Bureaucratic blockade

BUREAUCRATIC challenges have been blamed for the 18 homes which remain unbuilt after being destroyed in the 2009 bushfires which swept through the region.

A Latrobe Valley victim of the Black Saturday bushfires has slammed the Victorian Bushfire Appeal Fund for “dragging their heels” in distributing about $300 million in emergency, housing, physical, bereavement and psychological support gifts.

The victim, who wished to remain anonymous, said VBAF had made the application process so stringent, the elderly, disabled and “psychologically broken” could not access eligible funding.

“There are people from Hazelwood to Traralgon South who haven’t rebuilt yet and half of those people are incapable of rebuilding on their own,” the victim said.

“About half of those people haven’t gotten over the day of the fires; they are so psychologically impaired they haven’t been able to move on and they haven’t had any assistance (applying for financial support).

“There is money available to those people, but it is too difficult to access.

“The government has a responsibility to help rebuild these people’s houses because these people are incapable of doing it themselves.”

However, VBAF government member Pam White defended the process, arguing the stringent measures was a “hold your hand” approach to rebuilding.

Established on 8 February, 2009 by the State Government in conjunction with the Federal Government and the Australian Red Cross, the VBAF financially supports victims of the 2009 Victorian bushfires, which was the worst natural disaster in Australia’s history.

“There are (now) more steps in place in comparison to the way money was allocated than (stage one),” Ms White said.

“I think the panel made the decision that they wanted to ensure the last gift got people into housing.

“This time it is not about getting money quickly out the door, this is about solving their housing problem once and for all and this is the last bit of money in the fund to do that.”

The fund is now fully committed with nearly $314 million supporting affected individuals and families following the closure of the Further Housing Assistance Gift Stage Two which was announced in December last year.

Twenty-three people from the area affected by the bushfires have applied for the last round of funding support, with 18 applications still pending and three in the final stages of receiving eligible funds.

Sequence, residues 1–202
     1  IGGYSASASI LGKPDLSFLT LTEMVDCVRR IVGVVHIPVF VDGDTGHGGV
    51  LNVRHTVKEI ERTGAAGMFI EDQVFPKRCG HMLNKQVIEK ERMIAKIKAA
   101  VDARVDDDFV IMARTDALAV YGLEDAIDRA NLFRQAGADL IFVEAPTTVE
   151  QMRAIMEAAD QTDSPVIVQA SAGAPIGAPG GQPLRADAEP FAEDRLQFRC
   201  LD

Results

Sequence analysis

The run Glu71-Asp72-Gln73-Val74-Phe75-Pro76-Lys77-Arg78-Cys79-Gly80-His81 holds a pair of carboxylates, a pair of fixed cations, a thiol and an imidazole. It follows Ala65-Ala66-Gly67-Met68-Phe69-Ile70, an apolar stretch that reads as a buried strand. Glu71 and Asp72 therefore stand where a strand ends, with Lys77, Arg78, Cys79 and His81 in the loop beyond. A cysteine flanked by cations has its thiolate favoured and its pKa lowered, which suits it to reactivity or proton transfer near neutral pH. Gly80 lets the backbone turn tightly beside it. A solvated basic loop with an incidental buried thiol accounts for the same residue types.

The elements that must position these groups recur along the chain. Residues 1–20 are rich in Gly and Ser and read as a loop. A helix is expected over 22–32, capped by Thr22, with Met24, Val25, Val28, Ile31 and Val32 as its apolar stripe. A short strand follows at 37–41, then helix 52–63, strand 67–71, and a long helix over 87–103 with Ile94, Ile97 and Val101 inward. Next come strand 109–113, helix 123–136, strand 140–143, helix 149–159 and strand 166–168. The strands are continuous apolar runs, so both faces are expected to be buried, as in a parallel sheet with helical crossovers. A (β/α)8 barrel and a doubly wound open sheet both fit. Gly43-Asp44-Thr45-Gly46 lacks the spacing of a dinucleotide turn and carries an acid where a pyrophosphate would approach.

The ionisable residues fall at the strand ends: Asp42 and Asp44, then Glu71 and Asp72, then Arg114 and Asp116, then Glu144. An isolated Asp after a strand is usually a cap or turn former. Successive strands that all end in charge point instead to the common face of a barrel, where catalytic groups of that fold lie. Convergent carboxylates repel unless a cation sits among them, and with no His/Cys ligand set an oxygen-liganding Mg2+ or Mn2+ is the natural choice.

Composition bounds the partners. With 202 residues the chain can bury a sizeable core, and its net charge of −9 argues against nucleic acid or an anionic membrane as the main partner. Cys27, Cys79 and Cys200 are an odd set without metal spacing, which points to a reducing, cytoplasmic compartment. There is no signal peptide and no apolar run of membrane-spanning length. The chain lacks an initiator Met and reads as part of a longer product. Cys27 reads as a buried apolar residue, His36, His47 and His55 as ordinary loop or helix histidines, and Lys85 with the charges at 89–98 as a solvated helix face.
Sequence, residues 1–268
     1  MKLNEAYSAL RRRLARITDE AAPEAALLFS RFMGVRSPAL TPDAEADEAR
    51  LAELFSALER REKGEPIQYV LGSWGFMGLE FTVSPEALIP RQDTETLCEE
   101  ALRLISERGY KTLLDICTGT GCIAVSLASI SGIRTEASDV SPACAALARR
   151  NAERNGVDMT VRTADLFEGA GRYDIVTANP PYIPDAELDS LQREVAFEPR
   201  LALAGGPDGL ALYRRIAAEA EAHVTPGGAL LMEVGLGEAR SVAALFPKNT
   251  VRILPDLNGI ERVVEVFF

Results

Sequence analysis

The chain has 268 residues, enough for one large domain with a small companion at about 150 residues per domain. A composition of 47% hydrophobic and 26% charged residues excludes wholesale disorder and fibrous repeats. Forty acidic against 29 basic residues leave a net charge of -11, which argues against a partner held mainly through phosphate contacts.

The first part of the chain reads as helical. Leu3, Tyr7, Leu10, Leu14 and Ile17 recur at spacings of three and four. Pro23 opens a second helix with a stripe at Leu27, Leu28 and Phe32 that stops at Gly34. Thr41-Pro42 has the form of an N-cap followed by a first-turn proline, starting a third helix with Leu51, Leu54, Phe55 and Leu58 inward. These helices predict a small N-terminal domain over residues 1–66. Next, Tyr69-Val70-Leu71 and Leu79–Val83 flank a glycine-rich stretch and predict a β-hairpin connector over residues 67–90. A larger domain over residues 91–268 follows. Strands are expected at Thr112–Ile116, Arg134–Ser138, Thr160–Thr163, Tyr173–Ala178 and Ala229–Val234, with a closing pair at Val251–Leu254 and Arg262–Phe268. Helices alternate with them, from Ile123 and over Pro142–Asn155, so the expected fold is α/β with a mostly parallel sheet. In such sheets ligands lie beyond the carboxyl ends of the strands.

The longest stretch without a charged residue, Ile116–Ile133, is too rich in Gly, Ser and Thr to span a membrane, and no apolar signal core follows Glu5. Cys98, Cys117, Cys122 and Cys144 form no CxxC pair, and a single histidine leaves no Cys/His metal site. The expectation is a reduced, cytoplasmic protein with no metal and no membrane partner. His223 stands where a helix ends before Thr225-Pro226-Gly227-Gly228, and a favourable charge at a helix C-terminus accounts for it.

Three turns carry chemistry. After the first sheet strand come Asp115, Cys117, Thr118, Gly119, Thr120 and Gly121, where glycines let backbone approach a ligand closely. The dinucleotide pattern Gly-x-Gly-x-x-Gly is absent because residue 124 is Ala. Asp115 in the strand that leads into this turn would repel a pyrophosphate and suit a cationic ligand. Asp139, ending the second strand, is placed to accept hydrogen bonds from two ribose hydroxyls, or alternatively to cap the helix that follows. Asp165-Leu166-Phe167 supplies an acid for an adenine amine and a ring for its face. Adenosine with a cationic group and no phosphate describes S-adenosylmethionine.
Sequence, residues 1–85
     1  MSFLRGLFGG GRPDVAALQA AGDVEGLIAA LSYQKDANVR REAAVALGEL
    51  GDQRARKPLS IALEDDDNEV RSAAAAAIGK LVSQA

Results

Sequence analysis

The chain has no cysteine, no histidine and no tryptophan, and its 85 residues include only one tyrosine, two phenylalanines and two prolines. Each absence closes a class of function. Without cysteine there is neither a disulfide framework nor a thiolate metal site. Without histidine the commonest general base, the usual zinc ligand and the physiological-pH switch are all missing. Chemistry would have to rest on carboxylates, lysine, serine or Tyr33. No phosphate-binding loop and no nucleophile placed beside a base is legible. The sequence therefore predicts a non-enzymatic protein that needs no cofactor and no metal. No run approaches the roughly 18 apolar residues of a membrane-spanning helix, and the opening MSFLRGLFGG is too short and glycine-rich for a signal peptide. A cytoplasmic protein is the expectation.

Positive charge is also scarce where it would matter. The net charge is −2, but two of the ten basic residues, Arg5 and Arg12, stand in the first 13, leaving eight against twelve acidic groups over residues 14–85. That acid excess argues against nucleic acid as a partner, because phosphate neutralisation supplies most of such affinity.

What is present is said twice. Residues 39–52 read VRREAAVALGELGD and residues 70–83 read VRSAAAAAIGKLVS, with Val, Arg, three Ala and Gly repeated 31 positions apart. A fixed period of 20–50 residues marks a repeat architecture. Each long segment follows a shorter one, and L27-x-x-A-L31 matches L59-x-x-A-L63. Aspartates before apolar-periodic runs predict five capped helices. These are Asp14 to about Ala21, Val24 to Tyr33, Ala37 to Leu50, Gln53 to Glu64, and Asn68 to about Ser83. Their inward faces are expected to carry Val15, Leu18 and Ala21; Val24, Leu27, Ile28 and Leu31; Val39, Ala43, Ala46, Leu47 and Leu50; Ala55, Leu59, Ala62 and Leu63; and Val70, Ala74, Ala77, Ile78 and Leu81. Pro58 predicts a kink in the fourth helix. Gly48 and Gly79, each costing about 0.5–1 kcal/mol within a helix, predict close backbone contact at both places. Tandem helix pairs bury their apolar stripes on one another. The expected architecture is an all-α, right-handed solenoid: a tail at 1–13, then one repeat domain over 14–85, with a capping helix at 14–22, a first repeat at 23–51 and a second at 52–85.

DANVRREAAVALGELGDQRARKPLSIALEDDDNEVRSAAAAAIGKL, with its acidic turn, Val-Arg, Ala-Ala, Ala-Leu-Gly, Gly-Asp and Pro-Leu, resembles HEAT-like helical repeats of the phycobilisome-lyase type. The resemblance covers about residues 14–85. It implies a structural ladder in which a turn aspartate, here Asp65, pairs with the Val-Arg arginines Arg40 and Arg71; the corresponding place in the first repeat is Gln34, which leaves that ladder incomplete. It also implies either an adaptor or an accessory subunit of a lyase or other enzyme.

Ms White said applications for eligible funding immediately after the fires had “less conditions” and less emphasis on what bushfire victims did with their gifts.

“We thought at that stage, in a way we were making a contribution to those people who were distressed,” Ms White said.

“We were confronted with people in quite difficult and distressed situations; we wanted to get money to them as quickly as possible.”

However, almost three years on from the horrific fires which claimed 173 lives across Victoria and more than 2000 houses, Ms White said the panel was focused on housing the “more complex cases”.

“In comparison, when we first gave out money, we asked ‘Have you had your house destroyed? Are you homeless? Okay, this is how much you are entitled to, here is your money, go away and build your life,” Ms White said.

“(Stage Two) is about ‘Where are you at?’; we want this money used for helping you (rebuild).

“We see it as ‘hold your hand’ others may see it as bureaucratic.”

In response to whether the VBAF panel had approached the initial allocation of money too loosely resulting in an excessively stringent application process in the second stage, Ms White said “you can always learn something from the experience”.

“I have been involved since day one and I think we tried to strike a balance between getting this assistance to people quickly and their ability to recover,” Ms White said.

“If we had gone a year without giving a cent, had we been more bureaucratic up front there would have been criticism about going through that process.”

For stage two applications a financial assessment and eligibility test is conducted, before approved applicants are referred to their housing association which works with the applicant to detail their pathway, “step by step” to permanent accommodation.

Despite the rigorous process, Ms White said the panel was determined to ensure all affected received the support they were entitled to.

“Some people are in a very complex situation; some people who we thought would have been known to us earlier haven’t put their hand up until now and there is more work than we thought,” she said.

Last week, VBAF announced submissions for pending applications for housing recovery plans close on 31 December.